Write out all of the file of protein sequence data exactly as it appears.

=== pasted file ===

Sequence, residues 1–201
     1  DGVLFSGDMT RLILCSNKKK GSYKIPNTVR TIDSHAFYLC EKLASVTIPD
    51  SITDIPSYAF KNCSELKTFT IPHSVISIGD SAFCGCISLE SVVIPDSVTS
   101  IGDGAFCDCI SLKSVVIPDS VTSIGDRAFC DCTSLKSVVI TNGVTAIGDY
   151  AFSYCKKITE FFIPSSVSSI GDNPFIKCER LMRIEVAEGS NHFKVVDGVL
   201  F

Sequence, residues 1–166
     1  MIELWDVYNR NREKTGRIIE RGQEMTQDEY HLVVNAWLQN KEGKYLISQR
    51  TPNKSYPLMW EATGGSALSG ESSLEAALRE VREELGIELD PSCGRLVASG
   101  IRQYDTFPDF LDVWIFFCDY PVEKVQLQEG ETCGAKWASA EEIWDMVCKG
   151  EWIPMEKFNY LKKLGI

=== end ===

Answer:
Sequence, residues 1–201
     1  DGVLFSGDMT RLILCSNKKK GSYKIPNTVR TIDSHAFYLC EKLASVTIPD
    51  SITDIPSYAF KNCSELKTFT IPHSVISIGD SAFCGCISLE SVVIPDSVTS
   101  IGDGAFCDCI SLKSVVIPDS VTSIGDRAFC DCTSLKSVVI TNGVTAIGDY
   151  AFSYCKKITE FFIPSSVSSI GDNPFIKCER LMRIEVAEGS NHFKVVDGVL
   201  F

Sequence, residues 1–166
     1  MIELWDVYNR NREKTGRIIE RGQEMTQDEY HLVVNAWLQN KEGKYLISQR
    51  TPNKSYPLMW EATGGSALSG ESSLEAALRE VREELGIELD PSCGRLVASG
   101  IRQYDTFPDF LDVWIFFCDY PVEKVQLQEG ETCGAKWASA EEIWDMVCKG
   151  EWIPMEKFNY LKKLGI